“The person who caused the damage knew exactly what they were doing to cause the damage that caused them to stop,” Fields said.

Swecker spoke with Curtis about whether the attack exposed a vulnerability in our power grid as it relates to our national security.

“I used to run this office at the FBI, and we’ve always been concerned about our power grid, a lot of our critical infrastructure, communications, banking, it’s all in Charlotte,” Swecker said. “Soldiers, outside of Charlotte when you see a goal like that, you wonder if we’ve taken our eye off the ball here to make those goals harder, because you have to wonder how someone got so close and place so many people in it. darkness.”

Officials on Monday did not share details about what security measures the state and federal government require for those power grids.

State reaction

A Duke Energy spokesperson released the following statement about the outage on Sunday:

“We have experienced multiple equipment failures affecting substations in the Moore County area, resulting in approximately 45,000 customers currently without power. There are indications that vandalism was the reason for the outage, and we are working with local, state and federal authorities as they continue to investigate the incident.

“We are pursuing multiple repair options to restore as many customers as quickly and safely as possible. This is a significant local outage that will affect nearly all customers in Moore County, and customers should be prepared for extended outages that could continue today and into Thursday for many customers. We will update recovery time estimates as we receive additional information. We incorporate multiple layers of security to quickly detect and respond to threats.”

Governor Roy Cooper weighed the situation and said:

“I appreciate the quick response of local and state emergency responders in Moore County to protect public safety and working with Duke Energy to restore power,” Governor Cooper said. “An attack on critical infrastructure is a serious and intentional crime, and I expect state and federal authorities to thoroughly investigate and bring those responsible to justice. Moore County has strong and vibrant communities, and the state will continue to provide transportation and public safety assistance.” “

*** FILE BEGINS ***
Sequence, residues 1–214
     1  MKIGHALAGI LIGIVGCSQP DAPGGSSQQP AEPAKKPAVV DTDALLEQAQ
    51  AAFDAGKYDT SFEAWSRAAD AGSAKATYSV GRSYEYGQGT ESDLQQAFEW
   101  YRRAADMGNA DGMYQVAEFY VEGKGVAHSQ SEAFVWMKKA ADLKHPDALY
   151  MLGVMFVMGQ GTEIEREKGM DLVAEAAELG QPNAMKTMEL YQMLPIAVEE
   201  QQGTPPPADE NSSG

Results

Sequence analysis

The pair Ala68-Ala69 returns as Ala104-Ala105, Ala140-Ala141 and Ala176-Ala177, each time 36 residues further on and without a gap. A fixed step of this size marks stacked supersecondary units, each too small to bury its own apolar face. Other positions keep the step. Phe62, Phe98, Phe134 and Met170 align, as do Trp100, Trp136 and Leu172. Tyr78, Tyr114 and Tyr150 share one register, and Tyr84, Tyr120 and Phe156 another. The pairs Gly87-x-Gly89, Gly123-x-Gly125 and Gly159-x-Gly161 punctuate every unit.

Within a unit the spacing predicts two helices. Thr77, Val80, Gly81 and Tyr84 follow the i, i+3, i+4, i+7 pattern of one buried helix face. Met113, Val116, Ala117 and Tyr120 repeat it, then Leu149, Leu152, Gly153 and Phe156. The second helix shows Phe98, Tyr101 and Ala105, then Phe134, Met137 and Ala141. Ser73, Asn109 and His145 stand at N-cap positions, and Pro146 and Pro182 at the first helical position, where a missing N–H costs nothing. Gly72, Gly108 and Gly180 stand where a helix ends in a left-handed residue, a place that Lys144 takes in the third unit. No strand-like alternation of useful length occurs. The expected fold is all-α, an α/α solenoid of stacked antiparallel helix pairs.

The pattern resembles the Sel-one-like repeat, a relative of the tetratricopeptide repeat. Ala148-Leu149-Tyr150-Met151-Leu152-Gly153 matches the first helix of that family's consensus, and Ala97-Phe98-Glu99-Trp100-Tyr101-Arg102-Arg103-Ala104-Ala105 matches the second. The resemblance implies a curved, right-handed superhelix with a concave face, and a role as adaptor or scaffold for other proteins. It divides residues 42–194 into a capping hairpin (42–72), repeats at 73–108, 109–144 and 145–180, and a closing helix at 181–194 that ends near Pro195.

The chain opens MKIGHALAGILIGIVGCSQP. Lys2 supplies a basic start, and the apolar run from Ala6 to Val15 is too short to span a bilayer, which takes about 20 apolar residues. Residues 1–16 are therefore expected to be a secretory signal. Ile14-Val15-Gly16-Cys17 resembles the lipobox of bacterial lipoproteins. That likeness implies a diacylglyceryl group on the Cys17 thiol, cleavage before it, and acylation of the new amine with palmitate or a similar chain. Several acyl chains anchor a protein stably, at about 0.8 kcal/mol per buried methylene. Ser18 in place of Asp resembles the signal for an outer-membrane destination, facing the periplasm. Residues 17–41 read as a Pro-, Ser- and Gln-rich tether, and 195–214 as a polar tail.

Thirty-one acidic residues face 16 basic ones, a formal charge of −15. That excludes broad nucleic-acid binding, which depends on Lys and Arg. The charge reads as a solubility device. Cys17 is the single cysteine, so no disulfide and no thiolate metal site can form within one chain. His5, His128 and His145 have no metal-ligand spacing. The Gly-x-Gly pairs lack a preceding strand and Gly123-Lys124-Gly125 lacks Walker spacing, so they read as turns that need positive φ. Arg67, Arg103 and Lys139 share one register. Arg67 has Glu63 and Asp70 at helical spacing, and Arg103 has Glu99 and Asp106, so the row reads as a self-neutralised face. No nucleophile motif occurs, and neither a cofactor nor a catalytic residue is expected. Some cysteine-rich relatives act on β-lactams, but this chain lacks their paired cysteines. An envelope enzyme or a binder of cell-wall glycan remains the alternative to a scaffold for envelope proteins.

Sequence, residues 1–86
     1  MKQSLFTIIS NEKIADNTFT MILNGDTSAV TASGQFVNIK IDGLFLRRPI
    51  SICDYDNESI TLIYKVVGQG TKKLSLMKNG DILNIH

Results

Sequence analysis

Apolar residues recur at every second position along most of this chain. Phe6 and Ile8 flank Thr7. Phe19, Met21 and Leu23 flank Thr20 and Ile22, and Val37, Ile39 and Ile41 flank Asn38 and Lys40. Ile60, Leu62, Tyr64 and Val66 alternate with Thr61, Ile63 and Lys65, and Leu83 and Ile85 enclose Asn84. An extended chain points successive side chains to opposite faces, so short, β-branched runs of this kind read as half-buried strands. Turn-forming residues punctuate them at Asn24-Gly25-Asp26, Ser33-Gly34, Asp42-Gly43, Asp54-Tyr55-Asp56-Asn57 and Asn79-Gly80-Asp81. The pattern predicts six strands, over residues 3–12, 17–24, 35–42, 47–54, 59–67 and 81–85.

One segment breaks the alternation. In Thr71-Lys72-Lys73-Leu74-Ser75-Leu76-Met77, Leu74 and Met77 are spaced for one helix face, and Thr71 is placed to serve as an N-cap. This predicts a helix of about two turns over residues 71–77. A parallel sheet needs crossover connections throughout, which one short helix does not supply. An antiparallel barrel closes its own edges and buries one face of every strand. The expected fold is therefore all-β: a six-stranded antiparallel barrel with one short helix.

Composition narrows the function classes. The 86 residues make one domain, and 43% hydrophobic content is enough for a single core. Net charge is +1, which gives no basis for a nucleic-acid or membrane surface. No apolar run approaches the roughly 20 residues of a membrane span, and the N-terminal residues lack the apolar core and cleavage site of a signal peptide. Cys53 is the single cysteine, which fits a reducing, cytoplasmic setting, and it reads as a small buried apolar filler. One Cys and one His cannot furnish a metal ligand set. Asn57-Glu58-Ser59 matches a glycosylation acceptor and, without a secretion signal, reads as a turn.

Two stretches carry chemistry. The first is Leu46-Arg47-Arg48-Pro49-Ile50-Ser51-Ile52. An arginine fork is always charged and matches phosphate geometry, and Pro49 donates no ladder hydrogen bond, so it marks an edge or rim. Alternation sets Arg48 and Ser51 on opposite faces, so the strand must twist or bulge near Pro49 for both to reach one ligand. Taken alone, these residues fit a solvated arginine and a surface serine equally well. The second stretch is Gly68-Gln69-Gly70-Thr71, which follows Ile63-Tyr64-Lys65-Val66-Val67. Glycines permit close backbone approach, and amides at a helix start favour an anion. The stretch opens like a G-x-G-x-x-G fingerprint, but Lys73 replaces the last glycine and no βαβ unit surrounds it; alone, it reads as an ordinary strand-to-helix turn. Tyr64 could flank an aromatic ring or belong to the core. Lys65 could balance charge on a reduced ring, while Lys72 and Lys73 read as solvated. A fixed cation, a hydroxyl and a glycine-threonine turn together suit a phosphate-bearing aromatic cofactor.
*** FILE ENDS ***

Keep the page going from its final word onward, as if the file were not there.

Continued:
Harris Teeter has announced that it will provide free ice packs to community members affected by power outages in Moore County.

The grocer said it will offer the service at each Moore County location while supplies last.

‘He’s losing a lot of business’

Channel 9’s Glenn Counts went to Carthage to talk to residents, business owners and officials about how they are dealing with the sudden, lengthy power outage.

The Muse family, owners of a local restaurant, are preparing to take a big hit as it closes.

“He’s going to lose a lot of business and he’s going to lose a lot of groceries, his food — he’s going to have to throw it out because it’s probably Thursday before we get the power back. Me personally, I’m going to work with him there, help him , so now I’m out of a job,” said employee Matthew Moose.

The FBI is investigating whether the power outage could be considered an act of domestic terrorism.

At a press conference Sunday, Duke Energy said it is looking into ways to partially restore power to some residents. Due to the amount of equipment that needs repair, no promises are made.

This is a developing story. Check back for updates.

(WATCH BELOW: Powerful pop-up storms cause 14,000 power outages, downed trees in Mecklenburg County)